Archive for August, 2012

As September roles around and playoff races start heating up, it seems that inning totals become a hot topic. This year it has been magnified by the Strasburg saga and the parameters the Nationals placed on him at the beginning of the year. I find it more interesting to watch relievers-turned-starters at this time of the year as they have far surpassed their previous season’s workload and maybe their professional workload if they were relievers for a majority of their minor league career. Either way, with arm injuries seeming to be a matter of when, not if, organizations are doing everything possible to ensure their pitchers have the best chance of staying healthy. But are they actually increasing their chance for injury by being too restrictive? 

Dr. Glenn Fleisig of the American Sports Medicine Institute is THE leader in baseball research, specifically pitching biomechanics. He weighed in on this issue in an interview with Baseball Prospectus. The second part of the article is an interview with an MLB executive so you get a baseball view on the issue along with the scientific aspect. Let me know your thoughts on pitch count and workload for a pitcher. 

“Conditioning” for Pitchers

Posted: August 26, 2012 in Baseball

No need to beat around the bush, DISTANCE RUNNING IS COUNTERPRODUCTIVE FOR PITCHERS. We will start with the logical reasoning and work our way to the science behind this novel concept. This article piggybacks on many of the same concepts as the “Conditioning” for Baseball Position Players article, so it would be helpful to read that one first.

1. Would you rather have your pitcher look like a marathon runner or a sprinter? Especially in the lower body…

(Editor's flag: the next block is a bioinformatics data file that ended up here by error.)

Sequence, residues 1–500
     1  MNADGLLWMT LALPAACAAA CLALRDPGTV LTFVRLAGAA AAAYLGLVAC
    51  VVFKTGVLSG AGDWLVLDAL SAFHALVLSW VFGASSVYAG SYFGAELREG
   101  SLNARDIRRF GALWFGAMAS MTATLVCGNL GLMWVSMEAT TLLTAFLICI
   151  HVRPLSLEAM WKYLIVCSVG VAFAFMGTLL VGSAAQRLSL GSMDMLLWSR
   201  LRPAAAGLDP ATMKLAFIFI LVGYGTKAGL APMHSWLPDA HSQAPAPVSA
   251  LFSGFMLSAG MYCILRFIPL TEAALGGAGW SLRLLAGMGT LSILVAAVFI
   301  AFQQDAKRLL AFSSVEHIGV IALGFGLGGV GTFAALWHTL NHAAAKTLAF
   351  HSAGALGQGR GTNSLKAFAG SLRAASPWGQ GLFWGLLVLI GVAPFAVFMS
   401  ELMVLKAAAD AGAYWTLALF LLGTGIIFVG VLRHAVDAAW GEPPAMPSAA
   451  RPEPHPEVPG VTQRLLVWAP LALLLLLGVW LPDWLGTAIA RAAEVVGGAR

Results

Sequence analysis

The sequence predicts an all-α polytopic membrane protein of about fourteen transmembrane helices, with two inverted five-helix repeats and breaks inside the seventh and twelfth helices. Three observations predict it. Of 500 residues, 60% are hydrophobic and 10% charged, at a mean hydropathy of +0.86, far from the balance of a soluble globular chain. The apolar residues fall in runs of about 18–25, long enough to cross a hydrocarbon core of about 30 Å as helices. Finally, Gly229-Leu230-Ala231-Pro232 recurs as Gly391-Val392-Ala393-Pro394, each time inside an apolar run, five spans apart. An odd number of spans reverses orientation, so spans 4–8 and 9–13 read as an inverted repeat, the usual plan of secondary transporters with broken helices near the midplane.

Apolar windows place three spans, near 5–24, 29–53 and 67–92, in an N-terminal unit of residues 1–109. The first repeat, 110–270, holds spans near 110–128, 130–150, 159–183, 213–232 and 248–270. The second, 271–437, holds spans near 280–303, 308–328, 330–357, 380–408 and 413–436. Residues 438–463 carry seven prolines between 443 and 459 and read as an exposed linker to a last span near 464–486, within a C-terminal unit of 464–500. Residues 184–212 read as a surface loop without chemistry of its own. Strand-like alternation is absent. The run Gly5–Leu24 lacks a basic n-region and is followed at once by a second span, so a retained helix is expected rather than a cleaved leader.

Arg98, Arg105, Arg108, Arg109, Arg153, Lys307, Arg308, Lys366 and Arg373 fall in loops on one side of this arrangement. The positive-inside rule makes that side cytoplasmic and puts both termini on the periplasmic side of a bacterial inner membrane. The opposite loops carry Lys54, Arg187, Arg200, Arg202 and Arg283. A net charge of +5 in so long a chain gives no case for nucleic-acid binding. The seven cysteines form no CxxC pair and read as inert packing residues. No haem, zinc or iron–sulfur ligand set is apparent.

I don’t think anyone would want their pitching staff to look malnourished, scrawny, and weak, which are the words that come to mind when I glance at our Finnish friend. His body certainly doesn’t scream power or explosiveness. If you don’t want to have the same physique as someone, then why would you train like them? I still can’t figure out why anyone would think that “endurance” for a pitcher was achieved by doing that same motion continuously at a very slow pace. Last time I watched a baseball game the pitcher did not continually repeat his delivery for 20 minutes straight without ever pausing. Instead, let’s try to look like a sprinter by training like a sprinter.

2. Most of the time, distance running (or any long distance conditioning) is prescribed to pitchers after they finish throwing off a mound, like after a game or bullpen. The thought here is to flush the system of the lactic acid to prevent it from building up and causing soreness. This actually makes some sense: get the blood pumping to remove the waste. The only problem is its completely wrong on two levels. 1. Soreness is not caused by lactic acid. It is caused by delayed onset muscle soreness (DOMS). DOMS occurs from eccentric (stretching of the muscle) stress causing micro fractures in our muscles. 2. Lactic acid is produced, but is cleared by the our body while we’re still pitching. I was fortunate to be part of the follow up study for Between Inning Recovery Methods for Pitchers. The discovery that I found most interesting was that the blood lactate levels with our group of pitchers was close to pre-activity levels after the game simulation. To summarize, our body flushes itself.